In the Bible, fire can be used in a number of ways. Here it is referring to the refining or purifying work on God’s Holy Spirit. A precious metal such as gold or silver is heated up to burn away any impurities. The Holy Spirit also works like fire, burning away our nasty bits, making us more like Jesus. God the Holy Spirit gives us the power to be holy. The word holy means set apart for God. He lives inside all Christians and being God, and being Holy is opposed to that which is unholy, not of God.

John goes on to talk of how Jesus will divide and judge people. "His winnowing fork is in his hand, to clear his threshing floor and to gather the wheat into his granary; but the chaff he will burn with unquenchable fire.”

The winnowing fork was used to toss wheat and chaff into the air. The wheat grains, being heavier would fall straight to the ground. The lighter chaff would be blown to one side, and be swept away to be burned. This represents the way that God will one day judge people in the way that they have responded to him. Those who have accepted God into their lives will be gathered up, taken to be with God for ever. Those who do not accept God will be condemned to spend an eternity without God. This is another way that fire is used in the Bible. To refer to the punishment that awaits the unrepentant.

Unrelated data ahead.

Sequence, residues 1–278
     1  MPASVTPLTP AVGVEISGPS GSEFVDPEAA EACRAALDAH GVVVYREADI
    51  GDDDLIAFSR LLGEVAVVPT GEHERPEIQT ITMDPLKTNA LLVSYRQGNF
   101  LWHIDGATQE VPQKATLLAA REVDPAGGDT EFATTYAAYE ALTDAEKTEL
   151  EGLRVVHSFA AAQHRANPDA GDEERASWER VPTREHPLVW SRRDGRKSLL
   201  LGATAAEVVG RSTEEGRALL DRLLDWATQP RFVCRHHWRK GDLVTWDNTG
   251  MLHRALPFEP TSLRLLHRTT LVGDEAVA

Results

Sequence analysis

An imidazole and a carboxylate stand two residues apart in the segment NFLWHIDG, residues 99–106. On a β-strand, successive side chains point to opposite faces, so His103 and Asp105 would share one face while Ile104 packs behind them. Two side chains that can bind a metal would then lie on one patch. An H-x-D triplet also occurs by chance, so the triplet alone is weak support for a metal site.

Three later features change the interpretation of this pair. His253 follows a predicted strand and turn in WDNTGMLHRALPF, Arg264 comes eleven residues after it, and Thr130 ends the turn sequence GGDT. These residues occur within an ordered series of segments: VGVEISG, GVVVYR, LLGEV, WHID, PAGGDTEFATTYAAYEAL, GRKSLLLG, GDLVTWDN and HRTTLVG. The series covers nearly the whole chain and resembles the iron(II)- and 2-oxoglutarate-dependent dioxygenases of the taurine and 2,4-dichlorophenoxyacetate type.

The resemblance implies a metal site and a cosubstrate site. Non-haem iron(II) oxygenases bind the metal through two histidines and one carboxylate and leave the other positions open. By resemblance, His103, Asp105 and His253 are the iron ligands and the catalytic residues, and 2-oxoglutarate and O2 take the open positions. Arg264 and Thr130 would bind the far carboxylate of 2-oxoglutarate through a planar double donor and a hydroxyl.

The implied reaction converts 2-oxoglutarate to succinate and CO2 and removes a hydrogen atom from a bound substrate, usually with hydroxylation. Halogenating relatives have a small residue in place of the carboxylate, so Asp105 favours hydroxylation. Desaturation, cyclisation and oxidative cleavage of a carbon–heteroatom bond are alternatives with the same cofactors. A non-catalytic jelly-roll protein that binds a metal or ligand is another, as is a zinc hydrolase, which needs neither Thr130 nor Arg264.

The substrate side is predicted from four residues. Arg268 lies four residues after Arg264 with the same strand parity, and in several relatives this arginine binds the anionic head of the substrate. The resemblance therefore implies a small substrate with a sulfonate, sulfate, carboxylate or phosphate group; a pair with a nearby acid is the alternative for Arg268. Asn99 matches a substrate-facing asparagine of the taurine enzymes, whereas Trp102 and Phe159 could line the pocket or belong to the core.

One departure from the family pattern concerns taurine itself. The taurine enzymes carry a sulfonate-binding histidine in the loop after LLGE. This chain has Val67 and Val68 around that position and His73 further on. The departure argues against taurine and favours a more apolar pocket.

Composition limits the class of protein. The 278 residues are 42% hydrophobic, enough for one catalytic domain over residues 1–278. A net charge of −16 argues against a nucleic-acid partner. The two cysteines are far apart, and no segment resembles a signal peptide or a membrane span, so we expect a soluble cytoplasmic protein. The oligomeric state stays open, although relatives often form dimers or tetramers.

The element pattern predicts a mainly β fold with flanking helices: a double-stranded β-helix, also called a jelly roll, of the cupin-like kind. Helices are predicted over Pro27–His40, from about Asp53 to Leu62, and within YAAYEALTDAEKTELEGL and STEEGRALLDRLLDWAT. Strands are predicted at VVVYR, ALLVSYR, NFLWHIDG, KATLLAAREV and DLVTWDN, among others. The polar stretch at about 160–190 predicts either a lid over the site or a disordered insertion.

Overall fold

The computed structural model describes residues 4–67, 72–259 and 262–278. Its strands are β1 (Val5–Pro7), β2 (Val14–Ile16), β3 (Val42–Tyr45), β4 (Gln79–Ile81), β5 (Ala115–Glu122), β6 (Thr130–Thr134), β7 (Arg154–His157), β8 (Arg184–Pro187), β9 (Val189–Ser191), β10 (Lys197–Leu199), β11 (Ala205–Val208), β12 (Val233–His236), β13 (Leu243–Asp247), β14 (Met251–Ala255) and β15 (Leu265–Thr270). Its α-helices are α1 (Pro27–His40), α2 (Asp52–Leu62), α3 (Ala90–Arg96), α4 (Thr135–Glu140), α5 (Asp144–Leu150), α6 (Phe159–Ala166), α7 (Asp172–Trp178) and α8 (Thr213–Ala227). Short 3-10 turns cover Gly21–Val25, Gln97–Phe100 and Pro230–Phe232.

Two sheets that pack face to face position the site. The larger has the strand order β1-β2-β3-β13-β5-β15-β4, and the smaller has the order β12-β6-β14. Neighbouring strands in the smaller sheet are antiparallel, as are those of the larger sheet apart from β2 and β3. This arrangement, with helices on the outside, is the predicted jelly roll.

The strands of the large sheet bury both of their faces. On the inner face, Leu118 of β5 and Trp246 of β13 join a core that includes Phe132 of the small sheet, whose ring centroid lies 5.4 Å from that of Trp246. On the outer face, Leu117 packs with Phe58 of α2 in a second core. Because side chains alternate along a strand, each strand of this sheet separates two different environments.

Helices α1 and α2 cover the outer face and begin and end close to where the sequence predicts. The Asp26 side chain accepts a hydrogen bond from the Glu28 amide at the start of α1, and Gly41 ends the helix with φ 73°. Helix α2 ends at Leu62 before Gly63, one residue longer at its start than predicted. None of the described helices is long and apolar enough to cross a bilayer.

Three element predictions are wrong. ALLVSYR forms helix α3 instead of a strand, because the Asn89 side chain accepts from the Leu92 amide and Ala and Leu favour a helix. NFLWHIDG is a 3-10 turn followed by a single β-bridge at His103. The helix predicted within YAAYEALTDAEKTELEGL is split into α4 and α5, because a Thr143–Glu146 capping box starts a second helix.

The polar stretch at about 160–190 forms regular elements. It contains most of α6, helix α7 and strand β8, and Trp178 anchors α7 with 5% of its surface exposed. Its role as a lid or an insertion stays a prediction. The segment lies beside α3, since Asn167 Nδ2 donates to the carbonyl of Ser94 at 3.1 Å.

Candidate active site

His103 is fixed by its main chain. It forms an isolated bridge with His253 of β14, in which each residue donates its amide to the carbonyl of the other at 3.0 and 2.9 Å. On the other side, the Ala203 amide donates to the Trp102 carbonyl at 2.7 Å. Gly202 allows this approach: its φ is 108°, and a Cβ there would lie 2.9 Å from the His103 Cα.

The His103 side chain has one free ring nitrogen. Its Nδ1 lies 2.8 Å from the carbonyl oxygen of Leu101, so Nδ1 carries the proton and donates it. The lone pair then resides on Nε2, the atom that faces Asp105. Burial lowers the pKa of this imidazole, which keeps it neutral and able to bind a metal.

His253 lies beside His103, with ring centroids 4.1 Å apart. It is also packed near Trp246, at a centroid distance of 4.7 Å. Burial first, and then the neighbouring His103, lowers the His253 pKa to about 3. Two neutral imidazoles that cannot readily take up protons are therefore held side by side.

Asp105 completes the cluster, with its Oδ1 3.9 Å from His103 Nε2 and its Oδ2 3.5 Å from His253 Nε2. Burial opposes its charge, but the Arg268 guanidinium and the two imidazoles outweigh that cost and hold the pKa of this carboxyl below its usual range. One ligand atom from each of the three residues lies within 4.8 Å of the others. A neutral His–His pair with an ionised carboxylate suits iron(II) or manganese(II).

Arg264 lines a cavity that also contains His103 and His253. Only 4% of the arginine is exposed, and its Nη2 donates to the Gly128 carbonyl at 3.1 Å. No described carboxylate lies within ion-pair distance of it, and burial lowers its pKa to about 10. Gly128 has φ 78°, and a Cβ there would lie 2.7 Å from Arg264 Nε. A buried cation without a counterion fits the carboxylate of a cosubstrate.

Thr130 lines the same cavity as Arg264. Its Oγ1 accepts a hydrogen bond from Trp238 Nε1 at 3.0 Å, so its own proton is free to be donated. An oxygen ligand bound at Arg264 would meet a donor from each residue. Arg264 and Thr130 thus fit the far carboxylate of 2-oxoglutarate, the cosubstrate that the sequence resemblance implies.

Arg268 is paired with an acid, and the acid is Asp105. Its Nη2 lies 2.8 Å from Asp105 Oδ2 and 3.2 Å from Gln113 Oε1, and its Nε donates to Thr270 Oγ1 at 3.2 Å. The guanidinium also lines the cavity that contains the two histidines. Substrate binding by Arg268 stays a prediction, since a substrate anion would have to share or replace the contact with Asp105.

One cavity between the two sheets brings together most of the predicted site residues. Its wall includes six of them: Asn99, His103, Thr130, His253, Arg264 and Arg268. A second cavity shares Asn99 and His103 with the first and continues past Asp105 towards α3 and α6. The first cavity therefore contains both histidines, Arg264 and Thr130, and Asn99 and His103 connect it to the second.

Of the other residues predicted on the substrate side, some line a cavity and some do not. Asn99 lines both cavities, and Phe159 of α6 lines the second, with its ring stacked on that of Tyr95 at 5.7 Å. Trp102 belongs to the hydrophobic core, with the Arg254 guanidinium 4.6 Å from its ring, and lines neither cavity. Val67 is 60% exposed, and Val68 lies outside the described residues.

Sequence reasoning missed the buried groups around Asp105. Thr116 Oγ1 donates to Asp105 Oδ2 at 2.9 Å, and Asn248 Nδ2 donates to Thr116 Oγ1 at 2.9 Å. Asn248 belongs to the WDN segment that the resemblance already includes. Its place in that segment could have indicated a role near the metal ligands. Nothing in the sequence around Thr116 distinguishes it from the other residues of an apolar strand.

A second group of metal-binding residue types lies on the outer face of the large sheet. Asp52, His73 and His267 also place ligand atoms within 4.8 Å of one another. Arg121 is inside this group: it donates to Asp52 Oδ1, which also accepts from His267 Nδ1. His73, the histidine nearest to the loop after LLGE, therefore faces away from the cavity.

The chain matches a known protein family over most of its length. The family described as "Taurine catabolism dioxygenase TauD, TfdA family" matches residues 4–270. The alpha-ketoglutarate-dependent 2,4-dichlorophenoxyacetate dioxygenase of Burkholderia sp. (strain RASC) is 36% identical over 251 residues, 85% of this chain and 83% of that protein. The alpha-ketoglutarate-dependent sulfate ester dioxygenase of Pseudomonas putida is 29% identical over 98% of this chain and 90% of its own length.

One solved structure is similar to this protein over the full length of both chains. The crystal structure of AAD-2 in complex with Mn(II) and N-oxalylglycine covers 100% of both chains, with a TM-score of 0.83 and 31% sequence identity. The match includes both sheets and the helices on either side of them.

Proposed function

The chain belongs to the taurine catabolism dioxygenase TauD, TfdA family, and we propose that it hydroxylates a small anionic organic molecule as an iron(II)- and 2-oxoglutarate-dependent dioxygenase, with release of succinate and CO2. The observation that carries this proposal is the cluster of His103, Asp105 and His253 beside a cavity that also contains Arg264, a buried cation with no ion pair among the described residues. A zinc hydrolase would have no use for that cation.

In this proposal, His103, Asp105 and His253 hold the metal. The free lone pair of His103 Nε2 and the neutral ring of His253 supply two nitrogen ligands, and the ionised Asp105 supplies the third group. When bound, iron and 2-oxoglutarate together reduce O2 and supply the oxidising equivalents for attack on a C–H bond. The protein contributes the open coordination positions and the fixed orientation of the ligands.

Did John the baptist have the Holy Spirit within him? Of course he did, just like all of the prophets in the old testament had the Holy Spirit within themselves. Do we have the Holy Spirit within us? I believe that God, through the Holy Spirit, does work within each one of our lives. In Acts today, Peter and John laid hands upon some Samaritans and then the Holy Spirit became very evident within those people. This is very much like when the Bishop lays his hands upon the heads of the confirmands at their confirmation.

So my prayer for all of us today is that we recognize that the Holy Spirit is within us. And that we use the Holy Spirit to do God's will within our lives as well as in the wider world.

I would like to close today with the following:

Spirit of the living God,

Fall afresh on us,

Spirit of the living God,

Fall afresh on us,